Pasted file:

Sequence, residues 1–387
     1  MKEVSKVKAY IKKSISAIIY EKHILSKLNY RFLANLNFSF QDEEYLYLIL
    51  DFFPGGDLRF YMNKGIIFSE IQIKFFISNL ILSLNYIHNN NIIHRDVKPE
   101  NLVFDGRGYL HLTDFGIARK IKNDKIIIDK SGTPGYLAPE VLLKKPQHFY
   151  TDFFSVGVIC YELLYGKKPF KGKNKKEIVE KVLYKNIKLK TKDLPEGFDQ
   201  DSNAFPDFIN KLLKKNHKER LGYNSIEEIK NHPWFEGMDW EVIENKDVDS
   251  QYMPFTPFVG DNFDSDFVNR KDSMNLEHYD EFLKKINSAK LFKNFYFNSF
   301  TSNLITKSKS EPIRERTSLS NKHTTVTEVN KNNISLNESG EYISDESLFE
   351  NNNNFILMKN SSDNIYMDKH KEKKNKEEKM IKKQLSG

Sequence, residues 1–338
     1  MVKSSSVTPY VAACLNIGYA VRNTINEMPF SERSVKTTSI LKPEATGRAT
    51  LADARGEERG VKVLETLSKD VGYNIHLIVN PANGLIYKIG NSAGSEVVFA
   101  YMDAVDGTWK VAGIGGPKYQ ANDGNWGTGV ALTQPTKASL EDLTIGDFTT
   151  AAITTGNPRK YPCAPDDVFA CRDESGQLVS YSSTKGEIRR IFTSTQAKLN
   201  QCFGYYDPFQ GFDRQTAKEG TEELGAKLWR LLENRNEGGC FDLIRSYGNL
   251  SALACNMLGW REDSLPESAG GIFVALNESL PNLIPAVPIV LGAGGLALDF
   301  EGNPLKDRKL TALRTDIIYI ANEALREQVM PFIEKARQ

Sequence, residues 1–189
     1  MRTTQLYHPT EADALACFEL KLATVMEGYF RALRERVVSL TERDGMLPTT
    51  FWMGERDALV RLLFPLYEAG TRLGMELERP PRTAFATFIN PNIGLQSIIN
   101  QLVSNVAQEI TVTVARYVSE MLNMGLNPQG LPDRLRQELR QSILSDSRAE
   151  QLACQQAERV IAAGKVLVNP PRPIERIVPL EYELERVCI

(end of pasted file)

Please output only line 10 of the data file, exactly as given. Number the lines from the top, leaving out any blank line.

Sequence, residues 1–338